The Future of Real Estate: A Realistic Exploration
Amazon brings us any goods we could ever want. Expedia brings flight to our fingertips. Samsung brings us connected and intelligent homes. Google brings us the every ounce of the world’s knowledge. AirBNB gives us an on-demand roof over our head, anywhere and any time. But who brings us homes?
For all the change in the world, it’s astonishing how little the real estate industry has changed over the years. It seems safe to say that the largest innovation to ever hit the industry was the advent of the modern-day MLS. For anyone wondering, that was in the late 1990’s. It’s been 20 years since.
In 2016 alone, the National Association of Realtors (NAR) spent nearly $130,000,000 to lobby Washington and support candidates. It’s logical for the group to spend big money protecting the careers of real estate agents and professionals, but the byproduct is stunted innovation; an industry-wide obstruction of technological improvements.
Below, we’d like to explore innovations that are already occurring. This isn’t a speculative future, this is the future we’re already seeing go live. This is how the business of real estate will be conducted. NAR be damned.
Centralized and Open Listings
aka The Death of the MLS
In 2014, I attended a panel at the SCPA wherein brokers asked six first-time homebuyers questions about their experiences. The purpose of the event was to help industry professionals better understand how to market to and assist buyers (primarily millennials) as they move into homeownership.
Something incredible happened during the panel. When asked about their their preferences in real estate search and their thoughts on agent-provided MLS portals, all six expressed that they found MLSs cumbersome. All six said they would ignore their agent and search solo on Zillow and Trulia.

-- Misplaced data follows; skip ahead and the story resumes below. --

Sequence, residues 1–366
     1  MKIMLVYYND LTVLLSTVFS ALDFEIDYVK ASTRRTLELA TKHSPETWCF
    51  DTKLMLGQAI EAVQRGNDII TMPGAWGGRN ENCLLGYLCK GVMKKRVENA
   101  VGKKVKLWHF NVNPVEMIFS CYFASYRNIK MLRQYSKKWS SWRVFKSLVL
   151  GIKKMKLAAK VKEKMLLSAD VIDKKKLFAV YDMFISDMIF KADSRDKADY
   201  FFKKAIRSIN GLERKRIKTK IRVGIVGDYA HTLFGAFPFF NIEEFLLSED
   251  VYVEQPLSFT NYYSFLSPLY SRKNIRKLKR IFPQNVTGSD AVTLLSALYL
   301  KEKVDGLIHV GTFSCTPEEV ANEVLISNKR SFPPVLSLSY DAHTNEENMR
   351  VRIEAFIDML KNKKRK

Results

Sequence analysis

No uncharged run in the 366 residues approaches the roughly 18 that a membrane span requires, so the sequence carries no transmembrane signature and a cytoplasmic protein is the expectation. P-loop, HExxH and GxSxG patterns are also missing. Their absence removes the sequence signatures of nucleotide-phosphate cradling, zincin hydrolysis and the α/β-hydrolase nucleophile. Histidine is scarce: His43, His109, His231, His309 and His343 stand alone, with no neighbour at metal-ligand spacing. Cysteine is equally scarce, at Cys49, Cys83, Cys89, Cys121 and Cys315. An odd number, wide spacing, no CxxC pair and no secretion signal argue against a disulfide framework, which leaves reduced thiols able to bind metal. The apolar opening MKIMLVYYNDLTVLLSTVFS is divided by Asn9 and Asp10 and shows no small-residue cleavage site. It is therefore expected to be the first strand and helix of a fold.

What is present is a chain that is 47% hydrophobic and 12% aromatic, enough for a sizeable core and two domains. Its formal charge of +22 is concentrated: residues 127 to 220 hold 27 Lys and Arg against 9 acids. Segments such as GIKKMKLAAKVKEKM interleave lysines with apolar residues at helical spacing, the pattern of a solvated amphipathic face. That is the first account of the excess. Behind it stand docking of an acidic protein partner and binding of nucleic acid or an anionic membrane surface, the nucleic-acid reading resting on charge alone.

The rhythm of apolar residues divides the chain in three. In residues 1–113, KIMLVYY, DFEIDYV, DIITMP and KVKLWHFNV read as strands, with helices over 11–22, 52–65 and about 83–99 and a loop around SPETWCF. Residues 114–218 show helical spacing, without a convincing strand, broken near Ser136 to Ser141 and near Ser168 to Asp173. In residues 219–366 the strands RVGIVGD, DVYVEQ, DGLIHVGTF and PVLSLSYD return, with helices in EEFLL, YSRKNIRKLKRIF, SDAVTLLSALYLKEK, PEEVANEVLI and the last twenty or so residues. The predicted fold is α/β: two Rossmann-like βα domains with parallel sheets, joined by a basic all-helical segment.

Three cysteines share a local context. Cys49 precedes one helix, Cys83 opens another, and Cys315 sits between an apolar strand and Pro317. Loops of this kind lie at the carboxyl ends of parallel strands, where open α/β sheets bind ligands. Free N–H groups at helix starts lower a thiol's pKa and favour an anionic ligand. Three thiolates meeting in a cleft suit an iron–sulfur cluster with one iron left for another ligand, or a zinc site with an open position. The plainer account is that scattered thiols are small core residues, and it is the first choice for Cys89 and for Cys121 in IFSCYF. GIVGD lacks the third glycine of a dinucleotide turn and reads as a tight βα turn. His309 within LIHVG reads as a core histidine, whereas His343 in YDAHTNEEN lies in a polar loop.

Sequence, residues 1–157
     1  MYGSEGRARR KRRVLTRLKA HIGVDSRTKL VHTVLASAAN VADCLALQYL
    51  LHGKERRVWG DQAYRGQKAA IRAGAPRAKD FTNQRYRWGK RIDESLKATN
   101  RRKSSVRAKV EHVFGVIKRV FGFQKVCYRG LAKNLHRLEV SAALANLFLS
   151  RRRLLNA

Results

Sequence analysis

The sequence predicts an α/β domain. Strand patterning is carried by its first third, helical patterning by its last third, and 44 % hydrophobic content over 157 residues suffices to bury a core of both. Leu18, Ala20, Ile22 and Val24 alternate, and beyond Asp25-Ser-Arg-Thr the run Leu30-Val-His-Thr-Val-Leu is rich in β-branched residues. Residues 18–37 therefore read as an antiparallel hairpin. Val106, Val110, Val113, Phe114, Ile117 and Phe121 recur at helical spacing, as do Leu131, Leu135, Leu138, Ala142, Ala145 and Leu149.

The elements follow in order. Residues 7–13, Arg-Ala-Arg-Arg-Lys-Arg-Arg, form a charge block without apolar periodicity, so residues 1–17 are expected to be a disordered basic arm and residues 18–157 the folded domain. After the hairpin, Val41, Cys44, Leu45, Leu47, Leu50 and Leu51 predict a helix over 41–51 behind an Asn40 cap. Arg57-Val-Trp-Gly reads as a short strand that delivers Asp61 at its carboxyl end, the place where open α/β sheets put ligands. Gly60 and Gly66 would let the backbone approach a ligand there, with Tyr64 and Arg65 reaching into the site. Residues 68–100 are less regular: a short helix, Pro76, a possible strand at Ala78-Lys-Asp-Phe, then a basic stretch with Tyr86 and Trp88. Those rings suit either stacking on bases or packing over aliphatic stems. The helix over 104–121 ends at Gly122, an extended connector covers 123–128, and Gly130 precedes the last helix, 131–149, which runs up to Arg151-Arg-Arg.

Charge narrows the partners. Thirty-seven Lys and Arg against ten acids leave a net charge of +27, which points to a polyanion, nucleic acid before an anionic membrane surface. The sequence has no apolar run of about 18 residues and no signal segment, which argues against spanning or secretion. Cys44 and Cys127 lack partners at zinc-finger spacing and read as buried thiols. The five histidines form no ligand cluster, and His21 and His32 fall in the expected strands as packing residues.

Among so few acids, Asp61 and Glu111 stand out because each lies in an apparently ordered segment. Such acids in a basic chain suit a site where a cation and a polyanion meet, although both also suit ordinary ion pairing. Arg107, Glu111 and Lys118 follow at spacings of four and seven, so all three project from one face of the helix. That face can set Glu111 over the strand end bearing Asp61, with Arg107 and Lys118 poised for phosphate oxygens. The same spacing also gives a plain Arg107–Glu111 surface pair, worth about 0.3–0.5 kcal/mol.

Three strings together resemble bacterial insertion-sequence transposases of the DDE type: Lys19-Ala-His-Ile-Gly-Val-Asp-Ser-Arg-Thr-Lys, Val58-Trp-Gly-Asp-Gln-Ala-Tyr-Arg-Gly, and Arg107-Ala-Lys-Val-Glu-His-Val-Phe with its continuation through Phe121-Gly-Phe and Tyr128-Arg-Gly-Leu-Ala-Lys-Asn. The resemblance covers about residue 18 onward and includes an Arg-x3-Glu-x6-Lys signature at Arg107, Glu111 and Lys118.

This should have been a resounding warning to the local association. It should have been a sign of things to come for every broker. It should have been a lesson in how to communicate with young people to agents. Instead, It fell entirely on deaf ears. It was glossed over and they moved onto other, less insightful questions.
Associations and MLSs famously hoard their data. It’s difficult to get your hands on a RETS license and alternative options are prohibitively expensive. Getting national data feeds costs roughly $1M annually.
Yet, even with these difficulties in obtaining data, Zillow manages to provide a superior property search experience. Your local MLS holds, truly, all the cards… and they’re still losing. How?
52% found their own home online
That is to say: Their agent played no role in the process of locating the home they later purchased.
77% drove by a home they found online
Most homebuyers experience their first “tour” of the property without an agent even knowing. Find home online, drive by it alone.
This means, by and large, buyers are only bringing in agents on the steps where they absolutely have to: actually getting keys to get in the door.
The modern homebuyer avoids real estate agents until the latest possible step. Generally, when they need a lockbox code. This speaks volumes about the changing value of agents. Self-sufficiency is spreading.
Perhaps the single most spectacular failure of MLS systems nationwide is that of design. And perhaps the MLSs have accepted defeat in the innovation arms race. As the population becomes entrenched in deeply addictive design experiences (from Apple products to Facebook software), user experience has become a pivotal element of usability in general. I’ve yet to find an MLS system that takes UI/UX into account in their systems. User experiences are bulky and unaccommodating. Insignificant data is displayed just as prominently as critical data.
Local associations and MLS providers would have to begin running a sprint to catch up and have any hope of stalling the progress of the innovators. That is not a realistic expectation. Therefore, the MLS’s usefulness will continue to fade. And public portals will dominate the market.
Urbanization and Mobility
aka The Death of the “White Picket Fence”